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Hear the Gospel of our Lord Jesus Christ according to John (1. 1-4, 8-11).

READING

John the Baptist denies being the Messiah

There was a man sent from God whose name was John.

He came as a witness to testify concerning that light,

so that through him all might believe.

He himself was not the light; he came only as a witness to the light.

 

19 Now this was John’s testimony when the Jewish leaders[c] in Jerusalem

sent priests and Levites to ask him who he was.

20 He did not fail to confess, but confessed freely,

‘I am not the Messiah.’

21 They asked him, ‘Then who are you? Are you Elijah?’

He said, ‘I am not.’

‘Are you the Prophet?’

He answered, ‘No.’

22 Finally they said, ‘Who are you?

Give us an answer to take back to those who sent us.

What do you say about yourself?’

 

23 John replied in the words of Isaiah the prophet,

‘I am the voice of one calling in the wilderness,

“Make straight the way for the Lord.”’[d]

24 Now the Pharisees who had been sent 25 questioned him,

‘Why then do you baptise if you are not the Messiah, nor Elijah, nor the Prophet?’

26 ‘I baptise with[e] water,’ John replied,

‘but among you stands one you do not know.

27 He is the one who comes after me,

the straps of whose sandals I am not worthy to untie.’

28 This all happened at Bethany on the other side of the Jordan,

SERMON

“I am the voice of one calling in the wilderness,

“Make straight the paths for the Lord.”

You know sometimes in a city street

you will hear sirens and lights flashing

and a car comes past …blaring its horn to clear the path..

for an ambulance or a fire engine.

 

Or here in the countryside at harvest time we sometimes get a car

with a light on top … and a man waving his arms around (probably Dennis)

warning us to get out of the way because the combine harvester

is coming down a narrow road.

 

Well that was what John was doing ahead of Jesus coming,

warning the people to be ready and get out of the way,

saying “He’s coming” and making the paths straight, as it were,

setting the scene for Jesus ministry.

 

I have heard people say that’s it’s a shame that in Advent

we focus on repentance in the lead up

to the happiest  time of the year;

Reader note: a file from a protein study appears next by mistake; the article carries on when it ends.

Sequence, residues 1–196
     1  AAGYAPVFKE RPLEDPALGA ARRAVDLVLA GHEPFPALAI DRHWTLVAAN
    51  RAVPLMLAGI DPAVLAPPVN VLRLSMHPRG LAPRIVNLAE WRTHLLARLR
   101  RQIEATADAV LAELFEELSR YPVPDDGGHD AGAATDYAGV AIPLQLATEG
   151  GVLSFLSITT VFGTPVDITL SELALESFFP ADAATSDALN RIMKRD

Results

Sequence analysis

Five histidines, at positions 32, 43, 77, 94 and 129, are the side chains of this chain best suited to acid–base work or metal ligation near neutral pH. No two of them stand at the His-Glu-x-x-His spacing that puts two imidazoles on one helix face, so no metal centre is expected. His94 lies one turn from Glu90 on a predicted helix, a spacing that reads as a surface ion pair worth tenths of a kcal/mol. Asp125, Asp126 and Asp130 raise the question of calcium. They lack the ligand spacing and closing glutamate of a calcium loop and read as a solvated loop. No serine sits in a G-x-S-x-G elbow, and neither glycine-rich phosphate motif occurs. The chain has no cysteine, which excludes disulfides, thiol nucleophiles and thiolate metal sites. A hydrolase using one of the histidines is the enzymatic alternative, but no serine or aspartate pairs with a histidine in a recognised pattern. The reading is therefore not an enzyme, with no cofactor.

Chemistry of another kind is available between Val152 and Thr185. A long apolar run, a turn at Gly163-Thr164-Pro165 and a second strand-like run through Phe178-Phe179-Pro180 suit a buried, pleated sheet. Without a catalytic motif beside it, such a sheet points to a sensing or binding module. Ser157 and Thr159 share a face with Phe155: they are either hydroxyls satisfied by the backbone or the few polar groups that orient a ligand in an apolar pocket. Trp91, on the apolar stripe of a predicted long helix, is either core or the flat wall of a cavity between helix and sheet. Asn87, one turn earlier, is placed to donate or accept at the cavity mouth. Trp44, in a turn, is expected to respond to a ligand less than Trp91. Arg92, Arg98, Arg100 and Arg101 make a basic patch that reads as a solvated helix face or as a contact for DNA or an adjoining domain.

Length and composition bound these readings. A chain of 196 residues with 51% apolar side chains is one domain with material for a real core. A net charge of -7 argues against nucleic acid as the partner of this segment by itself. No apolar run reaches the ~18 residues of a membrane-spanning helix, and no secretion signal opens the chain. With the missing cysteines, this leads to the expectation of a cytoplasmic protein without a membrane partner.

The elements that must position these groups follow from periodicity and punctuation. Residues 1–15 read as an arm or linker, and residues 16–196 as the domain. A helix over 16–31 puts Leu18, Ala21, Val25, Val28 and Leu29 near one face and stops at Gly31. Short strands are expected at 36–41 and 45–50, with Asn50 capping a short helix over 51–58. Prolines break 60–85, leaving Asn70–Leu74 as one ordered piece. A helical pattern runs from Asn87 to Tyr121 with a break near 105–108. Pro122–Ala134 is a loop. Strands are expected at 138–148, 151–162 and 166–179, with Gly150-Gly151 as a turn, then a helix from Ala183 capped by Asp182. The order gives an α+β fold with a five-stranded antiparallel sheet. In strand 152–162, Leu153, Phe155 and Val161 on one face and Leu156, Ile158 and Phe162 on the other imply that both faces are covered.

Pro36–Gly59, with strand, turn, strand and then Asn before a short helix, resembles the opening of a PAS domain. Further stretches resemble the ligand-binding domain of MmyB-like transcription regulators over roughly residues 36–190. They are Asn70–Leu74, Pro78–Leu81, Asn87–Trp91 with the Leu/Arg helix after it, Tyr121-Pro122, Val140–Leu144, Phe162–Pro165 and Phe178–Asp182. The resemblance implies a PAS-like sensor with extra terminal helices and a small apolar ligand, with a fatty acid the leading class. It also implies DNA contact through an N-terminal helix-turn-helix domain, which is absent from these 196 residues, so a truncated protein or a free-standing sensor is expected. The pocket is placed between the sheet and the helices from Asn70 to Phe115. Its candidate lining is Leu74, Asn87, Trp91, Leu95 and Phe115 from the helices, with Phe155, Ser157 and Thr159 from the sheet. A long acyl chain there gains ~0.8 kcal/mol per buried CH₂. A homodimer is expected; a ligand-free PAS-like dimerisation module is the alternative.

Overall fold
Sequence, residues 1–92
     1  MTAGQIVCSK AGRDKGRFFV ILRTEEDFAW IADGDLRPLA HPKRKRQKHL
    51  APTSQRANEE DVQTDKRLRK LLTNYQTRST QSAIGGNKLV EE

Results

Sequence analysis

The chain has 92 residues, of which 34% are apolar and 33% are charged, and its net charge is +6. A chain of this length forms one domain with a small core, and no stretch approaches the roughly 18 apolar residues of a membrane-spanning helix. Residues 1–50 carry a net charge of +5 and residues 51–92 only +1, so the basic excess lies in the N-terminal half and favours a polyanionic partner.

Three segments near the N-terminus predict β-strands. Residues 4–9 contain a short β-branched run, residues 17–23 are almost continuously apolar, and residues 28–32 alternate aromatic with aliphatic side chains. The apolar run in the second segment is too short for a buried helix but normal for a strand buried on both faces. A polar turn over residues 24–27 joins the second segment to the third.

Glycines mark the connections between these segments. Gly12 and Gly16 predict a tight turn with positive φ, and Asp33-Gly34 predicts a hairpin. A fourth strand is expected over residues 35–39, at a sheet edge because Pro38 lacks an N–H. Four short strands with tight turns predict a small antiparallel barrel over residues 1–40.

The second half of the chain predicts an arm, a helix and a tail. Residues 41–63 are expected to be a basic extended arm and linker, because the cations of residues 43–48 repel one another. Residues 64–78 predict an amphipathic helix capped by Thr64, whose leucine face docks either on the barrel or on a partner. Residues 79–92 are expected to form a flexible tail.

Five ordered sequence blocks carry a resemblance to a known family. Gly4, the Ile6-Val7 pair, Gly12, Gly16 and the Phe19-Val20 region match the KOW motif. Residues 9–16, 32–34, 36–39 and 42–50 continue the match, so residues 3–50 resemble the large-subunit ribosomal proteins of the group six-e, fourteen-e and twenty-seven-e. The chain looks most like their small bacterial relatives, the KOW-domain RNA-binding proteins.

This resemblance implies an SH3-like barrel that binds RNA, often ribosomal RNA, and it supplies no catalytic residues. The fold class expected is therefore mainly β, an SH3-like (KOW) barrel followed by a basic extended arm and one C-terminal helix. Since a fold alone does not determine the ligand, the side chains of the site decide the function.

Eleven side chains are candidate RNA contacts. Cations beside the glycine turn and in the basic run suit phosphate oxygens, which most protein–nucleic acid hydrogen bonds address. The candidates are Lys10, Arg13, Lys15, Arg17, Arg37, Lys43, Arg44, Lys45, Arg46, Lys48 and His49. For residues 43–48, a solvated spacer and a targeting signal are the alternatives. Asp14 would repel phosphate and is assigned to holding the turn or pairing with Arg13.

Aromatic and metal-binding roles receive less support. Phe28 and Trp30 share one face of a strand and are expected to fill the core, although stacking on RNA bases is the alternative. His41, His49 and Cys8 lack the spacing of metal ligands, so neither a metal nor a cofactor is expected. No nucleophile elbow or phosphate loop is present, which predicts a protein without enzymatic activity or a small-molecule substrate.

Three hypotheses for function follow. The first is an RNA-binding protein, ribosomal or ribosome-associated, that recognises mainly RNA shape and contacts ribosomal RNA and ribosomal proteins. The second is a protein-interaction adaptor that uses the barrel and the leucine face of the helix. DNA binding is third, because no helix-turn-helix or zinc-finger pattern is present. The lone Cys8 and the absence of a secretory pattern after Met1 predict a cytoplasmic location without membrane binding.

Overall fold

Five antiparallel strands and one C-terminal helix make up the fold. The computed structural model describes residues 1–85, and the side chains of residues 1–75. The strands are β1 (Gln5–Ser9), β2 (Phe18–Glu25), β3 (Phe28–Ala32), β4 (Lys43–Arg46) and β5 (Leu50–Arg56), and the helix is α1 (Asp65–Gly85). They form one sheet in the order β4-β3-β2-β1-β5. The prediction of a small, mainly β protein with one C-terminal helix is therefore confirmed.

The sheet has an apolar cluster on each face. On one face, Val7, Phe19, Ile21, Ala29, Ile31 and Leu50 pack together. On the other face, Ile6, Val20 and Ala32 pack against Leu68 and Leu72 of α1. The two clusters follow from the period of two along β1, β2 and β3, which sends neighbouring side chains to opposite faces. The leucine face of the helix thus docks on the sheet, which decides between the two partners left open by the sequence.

always on about judgement, the end of the world …

and the fact that we are all miserable sinners. …

When what we really want is a bit of joy and gladness.

 

John said, “Repent, for the kingdom of heaven is near.”

Over the past centuries, we in the church

have been saying: ‘prepare the way’

but people have misunderstood what the coming kingdom is all about.

We need to get better at explaining repentance –

yes, being sorry for our sins …

but also being able to put things in perspective,

really seeing that the kingdom of heaven is near

God isn’t distant and detached, he isn’t anti-fun,

but he’s here and now … kind, loving and full of joy,

and …that the kingdom of heaven is real .. and that it’s all good news.

 

And that’s our job in Advent  too

to try to say to people

that however busy they might be

dashing about buying stuff  for Christmas Day

they need to be still sometimes … and silent sometimes..

to catch the beauty of it all,

and give themselves time and space and

take a deep breath … and just to think about what it all MEANS.

 

We know that Advent isn’t just about decorations …

and food… and gifts (nice as all that is!)

It’s more to do with our attitude of mind,

the anticipation of the Christ Child coming to live among us,

to share our lives and teach us how to live … and how to love.

Because we want to be changed, improved… by the experience…

rather than just let it hurtle past unnoticed,  in a flurry of busyness.

 

Sometimes I feel a bit aggrieved at the behaviour of people

who say they are Christians …

and yet behave in ways that are not Christian at all,

(and I include myself in that –unfortunately- at times).

 

I know we all have our own individual blind spots and prejudices